I recently played God — the smallest role in an original play based on the Batman-Joker movie, and written by a 19-year-old for presentation at our church. I mention this because my key line was, “Man is duality, good and evil,” and it got me thinking. It’s not a line I would have written for God, but an idea that more and more pervades the young minds of today.

Many of today’s youths don’t automatically assume the ultimate triumph of good. Rather, they offer a Zoroastrian vision of equal, contending forces of good and evil, struggling for supremacy on an indifferent canvas of creation. The Batman movie “Dark Knight” portrays that cynical vision so depressingly that some speculate it may have contributed to the tragic death of Heath Ledger, who played the evil-incarnate Joker.

Undeniably there is evil in the world, and as a chaplain I’m challenged every day to explain why. So how can we put it in perspective? Is evil a spiritual force, as personified in Satan, or merely the absence of good — poor, benighted holes in the Creation that somehow escaped being filled with God’s love?

There is evidence throughout nature that creation required duality: night and day, light and dark, male and female, the double helix of the genetic code. The universe came from nothing, we are told, and to nothing it will return, the theory goes, if the totality of matter and anti-matter come back together again. At the same time, many view the physical world as a matrix of lies masking the true, spiritual reality.

The “Matrix” movies, in a deft combination of Christian and Buddhist images, convey this notion very well. These movies also describe a battle between good and evil, with evil’s defeat coming through the heroic sacrifice of the One, the Christ-figure, the only one who can embody truth, absorb the evil and purify the world through self-sacrificing love.

One analogy I use is the structure of the binary code, zeros and ones, to express the relationship of evil and good in our dualistic world. In the language of computers, ones and zeros combine to communicate everything, and without that dualism, nothing would compute. In that sense, no intrinsic value is attached to being a zero or being a one; it’s only the difference that matters.

But for the sake of this discussion, let’s call evil “zero” and goodness “one.” You could even personalize it, and call Satan the Zero, and Jesus the One. Now we have assigned a value to each, by implying that zero is just that — ephemeral, nothing, yet serving a function by holding a position necessary to differentiate not-goodness from the other, the goodness. One also implies a value: unity, wholeness, completeness, everything.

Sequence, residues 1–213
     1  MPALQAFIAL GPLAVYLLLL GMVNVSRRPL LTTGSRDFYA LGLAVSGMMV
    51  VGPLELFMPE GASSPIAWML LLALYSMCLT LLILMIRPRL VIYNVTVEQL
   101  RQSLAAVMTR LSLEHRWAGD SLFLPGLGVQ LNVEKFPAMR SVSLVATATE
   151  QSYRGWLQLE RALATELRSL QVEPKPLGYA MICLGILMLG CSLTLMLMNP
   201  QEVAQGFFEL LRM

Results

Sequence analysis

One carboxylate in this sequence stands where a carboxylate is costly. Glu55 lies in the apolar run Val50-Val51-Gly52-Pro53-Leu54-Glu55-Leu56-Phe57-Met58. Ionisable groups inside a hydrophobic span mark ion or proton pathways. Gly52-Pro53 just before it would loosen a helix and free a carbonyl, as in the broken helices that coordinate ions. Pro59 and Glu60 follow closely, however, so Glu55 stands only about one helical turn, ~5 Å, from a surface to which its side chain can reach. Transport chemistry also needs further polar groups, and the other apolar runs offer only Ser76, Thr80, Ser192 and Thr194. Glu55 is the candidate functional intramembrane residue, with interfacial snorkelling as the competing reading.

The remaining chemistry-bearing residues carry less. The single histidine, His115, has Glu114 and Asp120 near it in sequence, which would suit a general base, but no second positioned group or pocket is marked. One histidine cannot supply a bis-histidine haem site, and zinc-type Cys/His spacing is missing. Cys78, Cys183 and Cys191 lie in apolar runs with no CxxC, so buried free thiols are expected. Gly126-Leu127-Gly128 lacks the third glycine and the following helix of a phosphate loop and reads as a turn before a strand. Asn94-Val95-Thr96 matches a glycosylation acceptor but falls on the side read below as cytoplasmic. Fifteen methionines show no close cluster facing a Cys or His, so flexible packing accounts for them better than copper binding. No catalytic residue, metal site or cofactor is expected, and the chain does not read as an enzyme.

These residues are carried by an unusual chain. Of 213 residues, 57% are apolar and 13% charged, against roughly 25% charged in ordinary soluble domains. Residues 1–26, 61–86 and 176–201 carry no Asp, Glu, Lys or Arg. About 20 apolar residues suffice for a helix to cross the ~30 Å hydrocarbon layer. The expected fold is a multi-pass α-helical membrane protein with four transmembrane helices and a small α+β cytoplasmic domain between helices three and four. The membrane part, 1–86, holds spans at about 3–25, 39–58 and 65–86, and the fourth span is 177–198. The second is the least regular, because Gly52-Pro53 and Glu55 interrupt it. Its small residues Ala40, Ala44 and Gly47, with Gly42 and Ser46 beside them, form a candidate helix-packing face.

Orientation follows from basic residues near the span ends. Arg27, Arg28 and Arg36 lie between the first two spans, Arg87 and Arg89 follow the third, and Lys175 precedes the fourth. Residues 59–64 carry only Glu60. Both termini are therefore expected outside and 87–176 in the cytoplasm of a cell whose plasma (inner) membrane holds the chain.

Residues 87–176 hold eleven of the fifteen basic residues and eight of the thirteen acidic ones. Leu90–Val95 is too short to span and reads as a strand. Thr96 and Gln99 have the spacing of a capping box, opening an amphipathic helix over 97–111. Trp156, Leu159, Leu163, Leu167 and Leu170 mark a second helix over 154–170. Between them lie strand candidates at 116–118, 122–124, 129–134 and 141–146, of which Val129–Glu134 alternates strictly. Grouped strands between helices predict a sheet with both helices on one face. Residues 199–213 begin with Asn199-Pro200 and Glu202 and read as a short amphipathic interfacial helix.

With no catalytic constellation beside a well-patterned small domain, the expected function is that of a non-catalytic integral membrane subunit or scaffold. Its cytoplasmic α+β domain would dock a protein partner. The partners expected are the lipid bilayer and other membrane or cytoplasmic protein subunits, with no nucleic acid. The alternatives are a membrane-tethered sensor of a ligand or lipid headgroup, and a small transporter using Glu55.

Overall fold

Everything and nothing, good and evil, truth and vapor, are expressed in this use of one and zero. We need both to make the nature of the other meaningful. But we are not mere observers to the difference. We are active participants. And we must choose the cipher we will serve. Will we make ourselves nothing, or shall we unite ourselves with the one? Pick a number and take your chance.

Now here’s another thought to chew on. The creative act that made the universe was accomplished by the one, yet it came from zero and will go back to zero. So the very act of creation required duality. It’s only in another, spiritual reality that oneness can exist on its own. Does that make evil an equal? Hardly. Add zero to one and you get no increase. Subtract zero from one and you have no loss. Only in this world of illusion is duality necessary, not in the real world of the spirit. And can we comprehend the difference, living in the material world? Probably not without help.

In his Pensee, Pascal wrote: “For after all, what is man to nature? A nothing compared to the infinite, a whole compared to the nothing, a middle point between all and nothing, infinitely removed from an understanding of the extremes; the end of things and their principles are unattainably hidden from him in impenetrable se-crecy.”

By this definition, Pascal saw us as 0.5 , a number hopelessly trapped in illusion. And so we are, without the window into heaven provided by the one. Yet with that vision comes responsibility. As participants in this life, we must understand the consequences of our decisions and our actions, as we vacillate our way between zero and one. Will we make something of ourselves, after all?

Lee Witting is pastor of the Union Street Brick Church in Bangor. He may be reached at leewitting@midmaine.com. Voices is a weekly commentary by Maine people who explore issues affecting spirituality and religious life.